Part of what makes adolescence a difficult period is that we are able, for the first time, to critically examine the world around us; and yet we also lack the life experience to resist the shock-value of our discoveries. Remarque and his peers went through a greatly magnified process; the shock value not of life, but of mass slaughter. And so they were confronted with the “Big Questions” of being without the luxury of first coming to terms with who they were as individuals, and working out for themselves their own ground on which to stand, and from which to answer such questions.
The result was an alienation – not only an emptiness, a hollowness, but a sense of aloneness and insignificance – which haunted Remarque his whole life. After the war, he struggled to make ends meet variously as a teacher, a funeral ornament salesman (depicted in his novel The Black Obelisk), a theatre critic, and a sports journalist. When All Quiet on the Western Front was published in 1929, he found fame and fortune – but not peace. The rise of Nazism in Germany in the 1930’s resulted in him being condemned as a “defeatist” writer, eventuating in his exile, first to Switzerland, then the United States. His sister suffered a terrible fate at the Nazis’ hands because of him, and his personal life was a shambles, marked by a self-conscious, alcohol-fuelled hedonism, and destructive intimate relationships.
Remarque’s sense of rootlessness is depicted in his “emigre” novels: Flotsam, Arch of Triumph, A Night in Lisbon. All the old certainties have been destroyed; but there is nothing to replace them, except grief for what has been overturned, and a vague, unsatisfying hope for what might be. You get a real sense that the emigre people of the between-the-wars years understood that they were doomed: what they had once been, or might have been, had been swept away by the destruction of war and the upheaval of its aftermath; and they could also sense the forthcoming conflagration, and understood that its impact would be even greater than that of the “Great War”. The in-between time was, at best, a brief respite.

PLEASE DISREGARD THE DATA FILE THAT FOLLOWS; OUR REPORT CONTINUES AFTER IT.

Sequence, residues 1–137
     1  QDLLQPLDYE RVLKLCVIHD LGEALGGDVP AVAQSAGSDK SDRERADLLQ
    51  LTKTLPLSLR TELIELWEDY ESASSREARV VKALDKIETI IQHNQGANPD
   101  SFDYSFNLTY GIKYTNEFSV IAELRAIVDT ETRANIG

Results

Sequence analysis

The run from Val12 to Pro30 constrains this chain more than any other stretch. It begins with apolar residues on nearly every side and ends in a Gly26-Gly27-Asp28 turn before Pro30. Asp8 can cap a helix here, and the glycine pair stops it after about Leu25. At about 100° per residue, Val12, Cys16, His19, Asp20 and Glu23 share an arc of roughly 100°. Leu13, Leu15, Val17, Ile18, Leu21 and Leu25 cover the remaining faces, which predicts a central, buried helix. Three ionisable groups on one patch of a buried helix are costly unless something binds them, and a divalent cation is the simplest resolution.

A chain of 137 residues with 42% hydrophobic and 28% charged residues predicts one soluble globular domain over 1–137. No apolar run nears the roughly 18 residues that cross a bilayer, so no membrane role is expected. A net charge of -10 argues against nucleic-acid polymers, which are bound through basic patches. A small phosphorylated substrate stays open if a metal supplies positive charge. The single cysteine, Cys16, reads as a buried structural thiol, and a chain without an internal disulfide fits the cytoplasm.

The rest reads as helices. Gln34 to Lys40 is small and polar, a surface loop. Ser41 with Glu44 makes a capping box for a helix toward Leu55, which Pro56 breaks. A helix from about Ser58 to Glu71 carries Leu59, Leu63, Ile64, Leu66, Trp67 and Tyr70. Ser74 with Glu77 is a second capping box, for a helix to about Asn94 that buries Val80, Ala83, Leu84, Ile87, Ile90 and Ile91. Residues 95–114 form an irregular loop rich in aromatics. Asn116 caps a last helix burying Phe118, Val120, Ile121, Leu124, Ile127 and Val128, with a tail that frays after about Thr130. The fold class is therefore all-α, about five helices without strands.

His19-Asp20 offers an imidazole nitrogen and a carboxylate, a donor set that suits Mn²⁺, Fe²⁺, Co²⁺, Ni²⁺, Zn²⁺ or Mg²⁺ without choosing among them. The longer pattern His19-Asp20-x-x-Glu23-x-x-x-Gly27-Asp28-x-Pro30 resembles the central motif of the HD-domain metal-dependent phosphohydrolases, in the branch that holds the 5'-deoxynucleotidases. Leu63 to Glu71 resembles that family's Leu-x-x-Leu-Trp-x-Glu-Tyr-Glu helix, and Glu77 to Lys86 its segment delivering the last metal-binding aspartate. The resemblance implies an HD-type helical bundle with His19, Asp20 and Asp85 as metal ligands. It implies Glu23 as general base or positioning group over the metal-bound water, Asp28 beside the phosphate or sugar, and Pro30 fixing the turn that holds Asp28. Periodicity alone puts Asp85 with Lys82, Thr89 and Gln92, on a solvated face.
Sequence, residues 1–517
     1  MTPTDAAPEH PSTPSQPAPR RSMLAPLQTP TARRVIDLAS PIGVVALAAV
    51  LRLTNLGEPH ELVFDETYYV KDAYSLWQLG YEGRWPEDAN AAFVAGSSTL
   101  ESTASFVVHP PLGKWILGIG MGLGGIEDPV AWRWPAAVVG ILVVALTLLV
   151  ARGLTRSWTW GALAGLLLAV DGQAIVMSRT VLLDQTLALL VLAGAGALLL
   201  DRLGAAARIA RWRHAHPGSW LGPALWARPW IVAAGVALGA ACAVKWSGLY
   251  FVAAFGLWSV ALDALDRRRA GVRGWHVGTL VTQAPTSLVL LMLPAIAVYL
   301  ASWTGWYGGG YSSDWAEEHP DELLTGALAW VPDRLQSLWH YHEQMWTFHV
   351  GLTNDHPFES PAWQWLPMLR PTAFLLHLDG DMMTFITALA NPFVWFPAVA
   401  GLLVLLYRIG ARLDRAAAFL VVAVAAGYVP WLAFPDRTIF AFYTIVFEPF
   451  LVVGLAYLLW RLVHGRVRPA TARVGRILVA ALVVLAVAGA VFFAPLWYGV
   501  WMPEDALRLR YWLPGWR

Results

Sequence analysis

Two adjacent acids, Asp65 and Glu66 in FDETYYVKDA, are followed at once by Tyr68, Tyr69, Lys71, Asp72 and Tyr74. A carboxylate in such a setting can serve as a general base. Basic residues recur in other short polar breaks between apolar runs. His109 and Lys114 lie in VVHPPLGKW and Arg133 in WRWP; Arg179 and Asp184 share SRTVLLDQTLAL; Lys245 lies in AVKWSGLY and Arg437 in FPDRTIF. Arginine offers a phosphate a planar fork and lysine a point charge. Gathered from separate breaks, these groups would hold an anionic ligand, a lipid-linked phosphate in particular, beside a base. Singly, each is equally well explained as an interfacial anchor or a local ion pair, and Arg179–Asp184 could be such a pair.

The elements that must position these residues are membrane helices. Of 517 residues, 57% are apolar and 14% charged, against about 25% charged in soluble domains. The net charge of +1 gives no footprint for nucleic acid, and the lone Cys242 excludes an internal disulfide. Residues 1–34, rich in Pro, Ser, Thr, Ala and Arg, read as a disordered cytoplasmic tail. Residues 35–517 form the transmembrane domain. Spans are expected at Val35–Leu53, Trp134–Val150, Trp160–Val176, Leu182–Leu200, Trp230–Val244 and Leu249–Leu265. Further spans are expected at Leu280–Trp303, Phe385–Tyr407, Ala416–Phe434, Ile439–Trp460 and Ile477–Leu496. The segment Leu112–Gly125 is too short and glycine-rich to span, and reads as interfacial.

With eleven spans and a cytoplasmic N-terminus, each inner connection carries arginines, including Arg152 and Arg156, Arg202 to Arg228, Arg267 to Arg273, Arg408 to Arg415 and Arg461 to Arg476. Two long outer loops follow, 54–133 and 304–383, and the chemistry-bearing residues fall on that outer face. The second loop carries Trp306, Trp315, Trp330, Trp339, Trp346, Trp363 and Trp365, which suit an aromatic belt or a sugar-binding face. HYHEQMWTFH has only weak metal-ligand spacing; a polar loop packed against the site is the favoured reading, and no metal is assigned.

And this impression comes across in the experience of Remarque’s own life. Despite the fact that he lived in many “exotic” locations – Monte Carlo, Paris, Milan, New York – he never discovered a sense of home until later in life when he settled in Porto Ronco, Switzerland. Even so, the fact that he was forced into exile from Germany, and felt too alienated to re-settle there after the war, accentuated his feelings of rootlessness. Likewise, despite the fact that he had affairs with some of the most beautiful women of his day – Dolores del Rio, Lupe Valez, Maureen O’Sullivan, Luise Rainer, Marlene Dietrich, and Greta Garbo – these were almost always unsatisfying and frequently turbulent, characterised by emotional neediness and recriminations born of insecurity. His first marriage was marred by mutual infidelity and jealousy, and it was again only later in life that his second marriage, to Paulette Goddard, provided any sense of stability and comfort. And just at the point when his life seemed to have found depth and meaning, his being was undermined by terminal ill-health.
Many people find Remarque’s work too cloying, too full of sadness and despair. But a careful reading also indicates an undercurrent of heroism and hope; the very fact that people struggle against their despair and feelings of futility instead of surrendering to apathy is itself a cause for celebration. Weltschmerz, the sense of the terrible sadness of being, may be the theme of Remarque’s novels; but so, too, is the terrible beauty of existence. There is a glory amidst the sadness, a glimpse of the heights to which the human spirit can rise, in spite – and despite – itself.
(c) Copyright Brendan E Byrne 2018. All rights reserved.